The Commission on Human Medicines (CHM) has advised ‘greater scrutiny’ of valproate prescribing, as part of new safety measures to be introduced over the coming months, the MHRA has said.

In particular, under the measures, CHM advised prescribers not to initiate any patients (male or female) aged under 55 years on valproate, unless two specialists independently consider and document that there is no other effective or tolerated treatment.

Patients aged under 55 currently on valproate will also need to be reviewed by two specialists to independently consider and document that there is no other effective or tolerated treatment or the risks associated with the medication do not apply.

Sodium valproate, which is prescribed as a treatment for epilepsy and bipolar disorder, can cause birth defects in around one in ten babies born to those taking it while pregnant, and developmental problems in 30-40% of children whose mothers took the medicine while pregnant.

NICE guidance states that the medication ‘must not be used in women and girls of childbearing potential (including young girls who are likely to need treatment into their childbearing years), unless other options are unsuitable and the pregnancy prevention programme is in place’.

The CHM guidance also extends to male patients under the age of 55 as this age group is most likely to be affected by the possible risk of impaired fertility in males.

The MHRA said that the recommended measures will be introduced ‘over the coming months according to patient priorities so that they can be introduced safely’, following advice from the CHM’s implementation group and engagement with stakeholders.

It added that ‘no action is needed at present’, and that patients currently taking valproate must be advised not to stop taking it unless they are advised by a specialist to do so.

The MHRA also said that until the CHM’s recommendations are introduced, GPs and pharmacists should continue to provide repeat prescriptions for valproate and dispensers should continue to ensure patients receive the patient card, a copy of the Patient Information Leaflet and packaging bearing pregnancy warnings.

The CHM’s recommendations follow its review of safety data relating to valproate. This review included prescribing data which showed continued use of valproate in female patients and some use during pregnancy, with 17 new female patients prescribed valproate while pregnant between October 2021 and March 2022.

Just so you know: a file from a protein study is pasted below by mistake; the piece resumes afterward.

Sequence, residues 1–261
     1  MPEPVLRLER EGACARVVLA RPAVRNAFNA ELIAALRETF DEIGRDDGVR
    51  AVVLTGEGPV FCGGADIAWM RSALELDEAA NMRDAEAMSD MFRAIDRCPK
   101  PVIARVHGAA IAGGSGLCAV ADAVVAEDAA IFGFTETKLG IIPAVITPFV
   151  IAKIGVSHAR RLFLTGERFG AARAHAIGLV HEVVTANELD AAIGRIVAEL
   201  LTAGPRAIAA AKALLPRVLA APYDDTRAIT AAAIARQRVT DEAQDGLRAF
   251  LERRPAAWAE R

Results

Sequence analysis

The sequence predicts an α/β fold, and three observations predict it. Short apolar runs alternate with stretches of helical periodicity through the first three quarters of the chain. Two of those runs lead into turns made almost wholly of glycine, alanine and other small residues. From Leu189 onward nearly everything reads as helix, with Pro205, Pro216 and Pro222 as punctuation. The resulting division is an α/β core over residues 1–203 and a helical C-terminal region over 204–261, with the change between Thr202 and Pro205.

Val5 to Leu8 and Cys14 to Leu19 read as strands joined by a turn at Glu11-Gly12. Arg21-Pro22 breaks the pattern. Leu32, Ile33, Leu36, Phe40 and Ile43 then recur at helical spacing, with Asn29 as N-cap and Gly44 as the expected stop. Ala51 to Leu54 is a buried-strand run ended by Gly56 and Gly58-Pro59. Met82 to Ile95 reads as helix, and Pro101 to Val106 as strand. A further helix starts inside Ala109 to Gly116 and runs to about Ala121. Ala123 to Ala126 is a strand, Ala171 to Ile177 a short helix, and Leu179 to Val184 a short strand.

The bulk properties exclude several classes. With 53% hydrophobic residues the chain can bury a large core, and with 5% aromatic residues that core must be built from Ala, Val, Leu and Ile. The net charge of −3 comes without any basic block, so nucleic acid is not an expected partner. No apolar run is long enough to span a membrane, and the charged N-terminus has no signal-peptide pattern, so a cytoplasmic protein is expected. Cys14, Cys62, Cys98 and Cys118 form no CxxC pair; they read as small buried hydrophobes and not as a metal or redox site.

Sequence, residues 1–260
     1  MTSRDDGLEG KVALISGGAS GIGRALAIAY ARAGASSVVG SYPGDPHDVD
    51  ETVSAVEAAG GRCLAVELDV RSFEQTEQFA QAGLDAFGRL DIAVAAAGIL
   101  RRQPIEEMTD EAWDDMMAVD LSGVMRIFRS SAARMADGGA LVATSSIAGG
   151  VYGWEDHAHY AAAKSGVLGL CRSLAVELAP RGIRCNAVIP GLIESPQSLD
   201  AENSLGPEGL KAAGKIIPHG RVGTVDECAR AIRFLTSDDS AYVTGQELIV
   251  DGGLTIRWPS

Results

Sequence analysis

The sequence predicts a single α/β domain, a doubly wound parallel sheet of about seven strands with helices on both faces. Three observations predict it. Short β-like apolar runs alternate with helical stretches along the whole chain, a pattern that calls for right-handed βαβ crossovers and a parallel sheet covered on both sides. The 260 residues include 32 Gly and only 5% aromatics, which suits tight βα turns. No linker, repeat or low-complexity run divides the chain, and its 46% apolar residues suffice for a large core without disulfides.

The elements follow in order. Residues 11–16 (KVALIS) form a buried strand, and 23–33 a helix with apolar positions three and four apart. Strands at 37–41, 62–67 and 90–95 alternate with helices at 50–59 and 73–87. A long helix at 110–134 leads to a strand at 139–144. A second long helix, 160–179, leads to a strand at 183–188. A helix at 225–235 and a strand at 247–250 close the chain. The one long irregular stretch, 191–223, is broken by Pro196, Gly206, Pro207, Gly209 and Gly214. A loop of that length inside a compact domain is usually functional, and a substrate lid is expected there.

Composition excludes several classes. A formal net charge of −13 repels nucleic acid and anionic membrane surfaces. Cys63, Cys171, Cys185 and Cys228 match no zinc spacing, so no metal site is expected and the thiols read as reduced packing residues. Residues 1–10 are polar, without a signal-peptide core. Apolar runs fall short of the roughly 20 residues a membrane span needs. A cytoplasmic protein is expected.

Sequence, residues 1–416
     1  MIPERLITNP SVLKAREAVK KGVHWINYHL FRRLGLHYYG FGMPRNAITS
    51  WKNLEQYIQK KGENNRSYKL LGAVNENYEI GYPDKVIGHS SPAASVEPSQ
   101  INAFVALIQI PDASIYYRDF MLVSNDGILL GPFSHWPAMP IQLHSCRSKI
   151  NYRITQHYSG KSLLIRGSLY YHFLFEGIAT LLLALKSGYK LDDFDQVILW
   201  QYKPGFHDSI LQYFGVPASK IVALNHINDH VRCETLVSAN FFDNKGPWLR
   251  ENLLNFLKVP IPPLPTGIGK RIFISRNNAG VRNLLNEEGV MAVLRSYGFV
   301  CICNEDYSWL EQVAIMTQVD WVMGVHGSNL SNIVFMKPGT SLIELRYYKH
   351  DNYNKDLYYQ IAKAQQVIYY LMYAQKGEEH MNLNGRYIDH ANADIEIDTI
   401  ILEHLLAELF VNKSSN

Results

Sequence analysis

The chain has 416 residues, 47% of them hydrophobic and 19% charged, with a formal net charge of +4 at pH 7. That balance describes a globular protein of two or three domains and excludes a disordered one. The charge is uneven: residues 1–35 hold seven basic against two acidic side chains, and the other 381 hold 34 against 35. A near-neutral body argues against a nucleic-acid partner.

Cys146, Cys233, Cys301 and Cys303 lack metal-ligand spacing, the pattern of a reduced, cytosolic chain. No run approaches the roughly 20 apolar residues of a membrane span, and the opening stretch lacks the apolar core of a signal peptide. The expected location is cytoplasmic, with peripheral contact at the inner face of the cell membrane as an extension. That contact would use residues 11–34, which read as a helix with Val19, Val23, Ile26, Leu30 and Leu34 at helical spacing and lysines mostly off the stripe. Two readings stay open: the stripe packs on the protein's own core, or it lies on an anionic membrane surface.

The MRHA said that although rates of valproate usage in female patients have declined since the introduction of the Pregnancy Prevention Programme in 2018, there had recently been ‘a plateauing of this decline’ and added that ‘there is no room for complacency’.

The CHM review also considered evolving information about potential risks in male patients, including evidence that valproate may impair male fertility, but that this may be reversible upon discontinuation.

It also considered views from patients and other stakeholders about how valproate is currently used and its risks currently managed.

In October, The General Pharmaceutical Council (GPhC) reminded pharmacists to ensure that women and girls prescribed sodium valproate are informed about the risks of taking it during pregnancy.

The GPhC said that it was ‘very concerned’ to hear from patient groups that women and girls prescribed sodium valproate were not always given the right information and advice about the drug by pharmacies supplying it, including important safety information relating to use in pregnancy.

It said that it has recently investigated instances of sodium valproate being dispensed by pharmacies in a white box with no safety warnings or Patient Information Leaflet.

But Leyla Hannbeck, CEO of the Association of Independent Multiple pharmacies (AIMp), told The Pharmacist in April that pharmacy teams should not be blamed, and that there were issues with the way that drug manufacturing and packaging did not align with GP prescribing patterns.

This comes following the first recorded death linked to taking valproate in pregnancy. Jake Aldcroft died age 21 in April after an infection triggered by problems with his kidneys, with foetal valproate syndrome listed as a contributing factor to his death. His mother said that she was never warned about the dangers of valproate when she took the epilepsy treatment during her pregnancy.